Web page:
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Voices ᐋ ᐄᔮᔨᐧᒫᓂᐧᐃᒡ

Keeping body and mind healthy

BY Xavier Kataquapit Feb 12, 2021

I haven’t been out and about much this winter. It’s been almost a year since I last visited a restaurant or even a fast-food joint. Before the pandemic, I would take walks to the local coffee shop or restaurant during the winter. This winter, I’ve been to some local retail stores but only for quick visits. I do curbside pickup for my groceries, but there are times when I do venture inside for specific items. These are quick and stressful visits wearing a mask and latex gloves while using hand sanitization and washing as a follow-up. It’s been a huge change in lifestyle, and, frankly, I am getting a little fed up with it.

I live with my partner who has compromising lung health issues so we stay safe and avoid any situation where we might meet or mix with people, even outdoors. Our anxieties have increased with the news of new variants of the Covid-19 virus that are more infectious. 

I spend a lot of time in front of my computer or our large-screen television. Over the past month or two, the monotony has been wearing on me and I find that I am starting to become more lethargic in everything I do. Every day seems to be the same with the never-ending drone of the talk about the pandemic, negative or depressing political news and constant conflict between different groups of people on social media. I have to shut off all my devices down every now and then to keep myself grounded. 

Despite the lethargy that comes with sitting still all the time, I’ve been doing my best to keep up my physical health. I do a bit of an exercise routine in the basement with a weight set and an exercise bench. I’ve also set up a treadmill in front of my living room TV so that I can go for a walk and get my entertainment at the same time.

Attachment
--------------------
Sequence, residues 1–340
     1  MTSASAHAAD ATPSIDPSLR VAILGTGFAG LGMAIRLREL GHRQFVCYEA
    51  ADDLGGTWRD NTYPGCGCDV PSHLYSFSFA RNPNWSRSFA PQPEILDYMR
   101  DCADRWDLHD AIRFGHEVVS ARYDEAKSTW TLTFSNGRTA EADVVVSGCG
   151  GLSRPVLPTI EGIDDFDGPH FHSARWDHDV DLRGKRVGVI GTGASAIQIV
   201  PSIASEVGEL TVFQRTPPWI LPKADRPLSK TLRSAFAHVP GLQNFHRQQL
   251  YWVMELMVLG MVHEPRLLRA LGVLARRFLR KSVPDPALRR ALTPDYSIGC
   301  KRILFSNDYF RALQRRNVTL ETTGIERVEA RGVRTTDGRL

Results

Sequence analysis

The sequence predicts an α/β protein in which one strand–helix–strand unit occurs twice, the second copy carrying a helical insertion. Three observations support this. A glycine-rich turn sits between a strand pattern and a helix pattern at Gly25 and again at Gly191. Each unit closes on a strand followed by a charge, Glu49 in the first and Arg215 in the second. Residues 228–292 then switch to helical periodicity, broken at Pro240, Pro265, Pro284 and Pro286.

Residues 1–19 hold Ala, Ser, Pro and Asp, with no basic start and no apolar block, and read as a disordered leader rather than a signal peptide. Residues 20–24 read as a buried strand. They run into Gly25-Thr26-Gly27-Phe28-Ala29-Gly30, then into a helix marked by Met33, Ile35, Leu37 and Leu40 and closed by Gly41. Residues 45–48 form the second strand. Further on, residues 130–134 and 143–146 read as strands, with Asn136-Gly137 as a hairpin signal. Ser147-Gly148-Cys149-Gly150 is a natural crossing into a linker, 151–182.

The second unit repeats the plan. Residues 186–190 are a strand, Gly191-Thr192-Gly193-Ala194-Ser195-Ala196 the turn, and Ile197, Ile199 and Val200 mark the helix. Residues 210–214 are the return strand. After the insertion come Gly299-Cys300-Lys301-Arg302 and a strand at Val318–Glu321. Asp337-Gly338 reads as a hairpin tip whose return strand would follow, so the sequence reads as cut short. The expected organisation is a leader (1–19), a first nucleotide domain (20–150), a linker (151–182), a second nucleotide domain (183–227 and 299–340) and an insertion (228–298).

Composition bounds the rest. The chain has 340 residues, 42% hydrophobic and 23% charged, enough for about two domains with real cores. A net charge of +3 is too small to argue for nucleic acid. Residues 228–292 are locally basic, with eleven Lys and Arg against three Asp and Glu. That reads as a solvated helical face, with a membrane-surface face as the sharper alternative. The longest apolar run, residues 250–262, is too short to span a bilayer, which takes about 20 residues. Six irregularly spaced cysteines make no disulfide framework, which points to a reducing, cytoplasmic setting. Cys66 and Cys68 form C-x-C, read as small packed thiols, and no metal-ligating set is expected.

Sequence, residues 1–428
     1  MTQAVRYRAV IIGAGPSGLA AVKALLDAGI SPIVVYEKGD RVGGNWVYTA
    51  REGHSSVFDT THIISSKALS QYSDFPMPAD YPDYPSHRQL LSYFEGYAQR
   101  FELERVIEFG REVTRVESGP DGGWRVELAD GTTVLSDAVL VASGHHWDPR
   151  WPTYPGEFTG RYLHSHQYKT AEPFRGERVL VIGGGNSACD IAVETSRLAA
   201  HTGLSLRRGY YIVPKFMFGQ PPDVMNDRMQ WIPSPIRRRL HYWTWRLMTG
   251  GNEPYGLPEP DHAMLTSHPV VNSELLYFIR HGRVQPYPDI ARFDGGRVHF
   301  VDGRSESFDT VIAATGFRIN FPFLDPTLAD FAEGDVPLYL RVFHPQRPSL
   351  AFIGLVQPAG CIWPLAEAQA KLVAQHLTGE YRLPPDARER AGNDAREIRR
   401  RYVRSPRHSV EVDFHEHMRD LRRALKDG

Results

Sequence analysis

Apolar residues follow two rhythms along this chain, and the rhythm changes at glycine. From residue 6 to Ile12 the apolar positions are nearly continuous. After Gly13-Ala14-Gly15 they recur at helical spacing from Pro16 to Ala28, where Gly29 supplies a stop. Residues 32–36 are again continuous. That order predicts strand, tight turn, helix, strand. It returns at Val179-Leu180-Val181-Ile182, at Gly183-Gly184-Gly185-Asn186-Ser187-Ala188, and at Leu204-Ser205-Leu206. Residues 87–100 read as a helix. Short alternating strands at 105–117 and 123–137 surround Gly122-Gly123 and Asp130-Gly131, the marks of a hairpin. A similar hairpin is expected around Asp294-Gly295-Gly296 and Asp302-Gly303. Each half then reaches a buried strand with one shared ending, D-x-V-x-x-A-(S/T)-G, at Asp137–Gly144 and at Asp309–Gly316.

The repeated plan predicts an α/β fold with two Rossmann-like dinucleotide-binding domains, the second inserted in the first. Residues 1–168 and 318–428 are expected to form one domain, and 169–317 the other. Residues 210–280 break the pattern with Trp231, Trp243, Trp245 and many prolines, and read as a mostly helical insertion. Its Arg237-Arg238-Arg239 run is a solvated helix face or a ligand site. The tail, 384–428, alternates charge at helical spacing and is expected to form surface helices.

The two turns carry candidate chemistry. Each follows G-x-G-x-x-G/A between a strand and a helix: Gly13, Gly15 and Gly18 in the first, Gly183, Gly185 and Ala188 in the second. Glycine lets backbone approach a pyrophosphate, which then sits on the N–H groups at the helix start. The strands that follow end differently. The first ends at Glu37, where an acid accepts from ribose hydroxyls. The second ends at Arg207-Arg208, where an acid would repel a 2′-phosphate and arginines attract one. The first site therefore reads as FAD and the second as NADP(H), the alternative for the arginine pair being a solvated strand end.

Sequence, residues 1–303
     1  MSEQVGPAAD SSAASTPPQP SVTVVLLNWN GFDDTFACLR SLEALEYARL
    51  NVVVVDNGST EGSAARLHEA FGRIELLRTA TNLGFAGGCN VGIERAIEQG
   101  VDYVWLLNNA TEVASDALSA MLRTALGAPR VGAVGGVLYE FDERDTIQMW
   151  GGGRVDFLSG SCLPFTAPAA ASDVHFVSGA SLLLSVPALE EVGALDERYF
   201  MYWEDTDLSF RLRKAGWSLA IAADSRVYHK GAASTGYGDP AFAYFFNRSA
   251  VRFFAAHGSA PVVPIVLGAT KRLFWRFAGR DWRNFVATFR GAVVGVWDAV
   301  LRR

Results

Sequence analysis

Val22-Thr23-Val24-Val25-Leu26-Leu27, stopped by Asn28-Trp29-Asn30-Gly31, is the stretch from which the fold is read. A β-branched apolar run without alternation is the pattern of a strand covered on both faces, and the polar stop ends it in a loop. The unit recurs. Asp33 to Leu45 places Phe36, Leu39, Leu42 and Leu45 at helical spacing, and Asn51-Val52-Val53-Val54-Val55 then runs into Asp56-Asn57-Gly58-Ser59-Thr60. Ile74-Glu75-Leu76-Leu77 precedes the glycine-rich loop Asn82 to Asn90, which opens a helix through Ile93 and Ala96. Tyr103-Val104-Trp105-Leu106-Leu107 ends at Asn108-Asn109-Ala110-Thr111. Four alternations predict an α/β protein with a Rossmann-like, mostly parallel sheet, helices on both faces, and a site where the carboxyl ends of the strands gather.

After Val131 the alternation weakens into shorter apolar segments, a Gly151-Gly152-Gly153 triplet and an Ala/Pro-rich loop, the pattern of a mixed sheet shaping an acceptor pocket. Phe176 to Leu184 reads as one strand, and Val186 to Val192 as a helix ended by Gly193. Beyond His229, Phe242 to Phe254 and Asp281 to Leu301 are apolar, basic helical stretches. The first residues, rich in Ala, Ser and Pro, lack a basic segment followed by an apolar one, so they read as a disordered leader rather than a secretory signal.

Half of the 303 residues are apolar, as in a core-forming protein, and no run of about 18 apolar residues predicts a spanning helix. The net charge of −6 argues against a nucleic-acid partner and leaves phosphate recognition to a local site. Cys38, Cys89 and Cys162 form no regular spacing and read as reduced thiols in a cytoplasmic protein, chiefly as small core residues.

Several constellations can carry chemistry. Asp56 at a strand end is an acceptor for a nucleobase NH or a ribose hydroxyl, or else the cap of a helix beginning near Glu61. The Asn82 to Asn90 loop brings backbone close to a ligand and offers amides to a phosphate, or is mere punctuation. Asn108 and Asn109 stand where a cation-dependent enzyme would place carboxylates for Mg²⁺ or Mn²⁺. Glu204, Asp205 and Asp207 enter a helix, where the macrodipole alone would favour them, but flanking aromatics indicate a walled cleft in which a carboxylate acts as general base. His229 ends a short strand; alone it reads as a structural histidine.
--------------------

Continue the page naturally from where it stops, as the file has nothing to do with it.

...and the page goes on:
Recently, I’ve also started doing some basic tai chi with Don Fiore on YouTube every morning to help keep my aging frame and aching joints in working order. Tai chi is an ancient form of martial arts, but its modern form is simplified to allow practitioners to maintain and enhance posture, balance, flexibility and strength. The slow methodical movements and required concentration is also a form of meditation and relaxation. Tai chi is not too intensive, and I find that the unique and unusual movements force me to move my limbs in ways I don’t normally do during my day.

Happily, I have also discovered that listening to some favourite tunes and dancing really helps with exercise and staying positive and joyful. Some of the music I listen to on Spotify includes Robbie Robertson originally from Six Nations, Buffy Sainte-Marie, Derek Miller, Lawrence Martin and Adrian Sutherland. 

As a writer, my life now is in stark contrast to the one I led over 20 years ago with my parents in the North. Back then, I spent most winters outdoors constantly working at maintaining our contracting business in the community, transporting goods up and down the James Bay winter road, hauling wood to heat our home and enduring regular trips up and down the coast to maintain hunting camps in preparation for the spring hunt. My free time was filled with skating and playing hockey at a local outdoor rink in the community. 

I can remember my dad Marius commenting that his life had become more sedentary in a modern world. When he was a young Cree hunter and trapper, there was no motorized transportation, and everything worked on the strength of an individual and his dog team. By the time he was in his 50s, he had difficulty walking a kilometre, yet as a young man, he covered hundreds of kilometres on dog sled and snowshoes every winter. Often, we would stop at a lonely wilderness trail to take a break on our snowmobiles, and he would remind us that he and many others had travelled there before on snowshoes and sled. 

We all need to remember how lucky we are to be here in Canada and in our safe communities with vaccines on the way. Things will get better in the long run but in the meantime try some tai chi and put your dancing shoes on. 

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Xavier Kataquapit is Cree from Attawapiskat First Nation on the James Bay coast. He is a writer and columnist who has written about his life and Indigenous issues since 1998.